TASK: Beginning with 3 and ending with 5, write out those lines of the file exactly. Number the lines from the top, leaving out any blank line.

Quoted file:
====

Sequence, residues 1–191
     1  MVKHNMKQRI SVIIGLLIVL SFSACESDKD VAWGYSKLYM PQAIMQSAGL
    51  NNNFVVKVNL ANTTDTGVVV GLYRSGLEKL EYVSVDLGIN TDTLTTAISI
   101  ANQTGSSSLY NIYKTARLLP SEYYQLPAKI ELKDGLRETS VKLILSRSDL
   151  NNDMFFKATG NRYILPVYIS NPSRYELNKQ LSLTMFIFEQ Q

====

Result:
    51  NNNFVVKVNL ANTTDTGVVV GLYRSGLEKL EYVSVDLGIN TDTLTTAISI
   101  ANQTGSSSLY NIYKTARLLP SEYYQLPAKI ELKDGLRETS VKLILSRSDL
   151  NNDMFFKATG NRYILPVYIS NPSRYELNKQ LSLTMFIFEQ Q